The editorial “Who’s afraid of NPR?” (December 31) rightly sums up the possible misgivings and actual pitfalls that might arise from the implementation of the National Population Register (NPR). This is because the present government has again ignored the three “As” which should be followed before implementing a controversial and seemingly unpopular strategy. One, it should make people “aware” about the need for introducing such a strategy. Two, it should use various communication channels and forums to seek public opinion
and allay any doubts so that people “accept” the new move. Once creating awareness and getting acceptance are out of the way, it should be followed by the third “A” that is “action” after incorporating the feedback received.
The government’s decision may be well-intended and even necessary, but it will not serve the purpose if it is taken with undue haste. It should learn from its recent experience. The decision to make Jammu and Kashmir an integral part of India did not yield the desired results. It created more fear about the government’s intentions and the expected warmth has become a chill. Key leaders were under detention. The Pakistan army has become more active along the border. No one is certain whether people there have accepted the action whole-heartedly. Similarly, the Citizenship Amendment Act, though well intentioned, has been introduced after just two days of Parliamentary debate. This gave the Opposition parties an opportunity to play up the negative emotions of the minority community resulting in violent protests.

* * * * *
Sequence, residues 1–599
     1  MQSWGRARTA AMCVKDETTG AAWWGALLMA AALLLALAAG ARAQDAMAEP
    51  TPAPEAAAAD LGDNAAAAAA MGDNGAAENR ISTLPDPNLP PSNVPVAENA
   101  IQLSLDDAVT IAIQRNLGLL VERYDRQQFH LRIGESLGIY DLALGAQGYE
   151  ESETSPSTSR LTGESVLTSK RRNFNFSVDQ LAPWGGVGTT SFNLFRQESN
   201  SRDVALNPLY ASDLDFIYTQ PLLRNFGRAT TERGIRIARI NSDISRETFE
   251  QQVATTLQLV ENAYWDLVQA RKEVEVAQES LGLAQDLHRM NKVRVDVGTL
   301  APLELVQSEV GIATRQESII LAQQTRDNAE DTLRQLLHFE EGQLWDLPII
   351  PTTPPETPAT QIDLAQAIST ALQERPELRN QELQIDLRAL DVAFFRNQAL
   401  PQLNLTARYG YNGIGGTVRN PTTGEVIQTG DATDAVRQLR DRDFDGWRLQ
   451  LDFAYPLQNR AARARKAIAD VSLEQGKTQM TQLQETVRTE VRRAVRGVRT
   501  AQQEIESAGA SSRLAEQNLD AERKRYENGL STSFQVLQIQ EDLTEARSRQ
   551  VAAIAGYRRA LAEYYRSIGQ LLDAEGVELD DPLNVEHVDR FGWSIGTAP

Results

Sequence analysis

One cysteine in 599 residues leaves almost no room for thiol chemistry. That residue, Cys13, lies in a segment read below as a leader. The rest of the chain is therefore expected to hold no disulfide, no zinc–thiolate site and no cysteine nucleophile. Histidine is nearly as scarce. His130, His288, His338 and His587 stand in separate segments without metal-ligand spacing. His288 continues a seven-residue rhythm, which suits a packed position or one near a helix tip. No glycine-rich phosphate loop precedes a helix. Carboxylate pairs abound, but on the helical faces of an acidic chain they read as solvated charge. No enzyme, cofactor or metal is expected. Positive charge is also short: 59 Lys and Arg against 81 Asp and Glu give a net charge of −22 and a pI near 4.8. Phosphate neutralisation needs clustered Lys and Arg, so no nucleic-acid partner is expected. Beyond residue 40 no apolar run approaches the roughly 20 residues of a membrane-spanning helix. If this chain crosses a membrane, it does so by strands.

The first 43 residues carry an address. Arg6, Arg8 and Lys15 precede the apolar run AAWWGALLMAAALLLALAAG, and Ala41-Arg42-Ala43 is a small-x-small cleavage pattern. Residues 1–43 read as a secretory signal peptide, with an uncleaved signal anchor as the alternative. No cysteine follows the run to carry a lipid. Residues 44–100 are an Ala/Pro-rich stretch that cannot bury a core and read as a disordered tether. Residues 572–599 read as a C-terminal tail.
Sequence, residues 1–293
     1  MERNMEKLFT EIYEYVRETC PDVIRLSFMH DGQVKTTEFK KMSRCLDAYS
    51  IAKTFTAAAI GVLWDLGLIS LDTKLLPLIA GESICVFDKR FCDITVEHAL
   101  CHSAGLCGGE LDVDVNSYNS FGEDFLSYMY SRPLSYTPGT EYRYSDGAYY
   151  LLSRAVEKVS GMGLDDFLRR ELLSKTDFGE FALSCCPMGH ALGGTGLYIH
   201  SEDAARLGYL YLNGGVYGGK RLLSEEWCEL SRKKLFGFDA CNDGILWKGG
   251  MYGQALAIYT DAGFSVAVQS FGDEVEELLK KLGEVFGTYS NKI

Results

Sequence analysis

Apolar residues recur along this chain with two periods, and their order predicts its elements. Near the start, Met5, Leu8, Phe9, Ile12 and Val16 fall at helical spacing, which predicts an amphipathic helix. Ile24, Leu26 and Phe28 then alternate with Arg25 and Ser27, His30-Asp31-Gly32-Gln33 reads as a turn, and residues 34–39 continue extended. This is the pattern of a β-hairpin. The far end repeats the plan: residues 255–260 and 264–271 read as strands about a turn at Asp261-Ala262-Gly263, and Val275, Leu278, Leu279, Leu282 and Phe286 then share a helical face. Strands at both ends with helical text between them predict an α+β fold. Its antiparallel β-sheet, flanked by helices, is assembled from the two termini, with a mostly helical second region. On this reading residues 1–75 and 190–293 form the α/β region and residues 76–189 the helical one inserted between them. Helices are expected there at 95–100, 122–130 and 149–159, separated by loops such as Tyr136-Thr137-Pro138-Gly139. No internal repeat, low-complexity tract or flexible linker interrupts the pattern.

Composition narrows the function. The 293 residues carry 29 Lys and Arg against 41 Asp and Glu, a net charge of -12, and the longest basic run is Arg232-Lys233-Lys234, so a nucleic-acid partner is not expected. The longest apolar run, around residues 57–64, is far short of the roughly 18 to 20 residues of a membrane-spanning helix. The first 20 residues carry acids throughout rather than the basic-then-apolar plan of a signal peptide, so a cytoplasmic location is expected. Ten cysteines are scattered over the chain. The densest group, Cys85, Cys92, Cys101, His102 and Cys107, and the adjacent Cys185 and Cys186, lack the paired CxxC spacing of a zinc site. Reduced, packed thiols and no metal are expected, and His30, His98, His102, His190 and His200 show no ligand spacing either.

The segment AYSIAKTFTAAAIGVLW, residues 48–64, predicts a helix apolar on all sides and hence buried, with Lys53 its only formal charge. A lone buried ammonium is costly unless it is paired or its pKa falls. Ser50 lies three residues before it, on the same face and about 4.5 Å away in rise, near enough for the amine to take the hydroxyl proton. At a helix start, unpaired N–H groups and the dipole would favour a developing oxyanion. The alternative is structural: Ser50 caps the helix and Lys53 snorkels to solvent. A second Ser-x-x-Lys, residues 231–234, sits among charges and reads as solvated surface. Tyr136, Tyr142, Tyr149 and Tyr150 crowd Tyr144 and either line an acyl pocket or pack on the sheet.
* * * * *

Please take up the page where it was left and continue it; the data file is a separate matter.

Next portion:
Now the government should prepare the right environment before going for NPR and making it citizen-friendly instead of an unnerving experience. I am 84 now and my father died when I was nine. And I do not know his exact date and place of birth.
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